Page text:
Things did not go to plan. My reliable German alarm clock, Toby, surprised himself and me by sleeping in! Then there was a bit of a scramble in the small room as ten of us tried to get up and pack for departure simultaneously.
Mid morning Kathy and I stopped for an impromptu picnic with Jan and Christian on a hill overlooking the town of Astorga. They had been walking for three months and were well equipped with utensils and food; I watched in awe as they delicately sliced food into small portions to share with us. Christian sat beside me, and although I had felt blessed by his loving fatherly touch a week before, I found it a little too much that morning. I really enjoyed our picnic initially, but after a while I became anxious to move, and we left to continue our descent, leaving Jan and Christian to savour the view.
Arriving in Astorga, I headed to the albergue to register and drop off my stuff while Kathy waited at an outdoor café across from the Gaudí building. We had both wanted to see Gaudí’s work, but it was Monday and the building was closed. So we sat and had some lunch as Kathy battled with her decision to stay in Astorga or walk on further. She was very tired and conflicted. At one point she went and lay on a bench to get some rest while I watched over her rucksack. I began to feel hopeful that she might stay, but I didn’t apply any pressure. While I sat on my own, Eugene and Heather came to join me, enquiring about Kathy’s whereabouts. Then when Kathy returned we sat again for a while until she announced she was leaving, and I accompanied her to the outskirts of town. After we said goodbye, I watched her walk on ahead, noticing how tired she looked with the weight of the huge rucksack on her back. I wandered aimlessly around town afterwards and I was struck very quickly by the loss I felt at her departure.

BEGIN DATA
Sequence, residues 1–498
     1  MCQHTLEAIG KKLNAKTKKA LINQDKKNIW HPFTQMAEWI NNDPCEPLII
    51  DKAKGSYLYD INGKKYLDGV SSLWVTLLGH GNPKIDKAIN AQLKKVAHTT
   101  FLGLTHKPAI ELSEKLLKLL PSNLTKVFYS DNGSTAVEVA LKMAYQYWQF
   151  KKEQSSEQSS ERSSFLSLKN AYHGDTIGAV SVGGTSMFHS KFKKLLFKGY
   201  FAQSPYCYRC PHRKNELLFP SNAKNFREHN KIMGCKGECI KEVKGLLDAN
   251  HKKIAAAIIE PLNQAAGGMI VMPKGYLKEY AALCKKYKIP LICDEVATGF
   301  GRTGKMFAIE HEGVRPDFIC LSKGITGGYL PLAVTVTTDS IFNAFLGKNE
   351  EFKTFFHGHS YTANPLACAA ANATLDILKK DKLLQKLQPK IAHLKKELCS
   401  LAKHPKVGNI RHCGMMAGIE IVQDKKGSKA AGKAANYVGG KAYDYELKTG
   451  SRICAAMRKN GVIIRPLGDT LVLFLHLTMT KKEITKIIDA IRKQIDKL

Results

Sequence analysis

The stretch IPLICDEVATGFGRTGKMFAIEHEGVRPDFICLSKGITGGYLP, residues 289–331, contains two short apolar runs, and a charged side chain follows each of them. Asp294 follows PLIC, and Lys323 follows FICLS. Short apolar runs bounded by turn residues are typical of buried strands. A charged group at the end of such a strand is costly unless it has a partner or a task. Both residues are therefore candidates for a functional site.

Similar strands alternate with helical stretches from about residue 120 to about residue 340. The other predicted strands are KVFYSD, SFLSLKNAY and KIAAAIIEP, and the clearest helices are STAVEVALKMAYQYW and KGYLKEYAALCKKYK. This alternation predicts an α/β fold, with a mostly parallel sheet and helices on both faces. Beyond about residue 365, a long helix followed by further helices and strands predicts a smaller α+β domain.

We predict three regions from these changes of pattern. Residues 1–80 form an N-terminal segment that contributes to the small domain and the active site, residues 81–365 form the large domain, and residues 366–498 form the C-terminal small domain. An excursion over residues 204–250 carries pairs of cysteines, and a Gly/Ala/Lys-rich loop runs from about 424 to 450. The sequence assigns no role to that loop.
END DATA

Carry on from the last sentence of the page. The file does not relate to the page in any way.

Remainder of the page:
I felt so sad. I knew I would miss her, but I really, really missed her, and although I hoped to bounce back after a nap, the feeling of loss stayed with me. In the supermarket, I wandered around hoping for inspiration, but I couldn’t make a decision, so I bought some water and sat on a bench in the square. All my energy seemed to have drained out of me; part of me wanted the Camino over because in some ways I felt it was.
In retrospect, I understand more about what was important for me about meeting Kathy and why I missed her so much. She had the capacity to see me and accept me. I felt seen by her as me, rather than some version of me that she might have imagined me to be. Furthermore she was sufficiently contained within herself to listen deeply and I felt safe to share my inner world. I didn’t need to edit my expression or wear a protective mask. In short, we were kindred spirits. Given that, it’s not surprising I felt her absence intensely; such an experience in everyday life is rare. Back home in Colorado, Kathy worked as a school teacher and studied spiritual psychology at Santa Monica University; in my view, what she had could not be studied – it was simply who she was.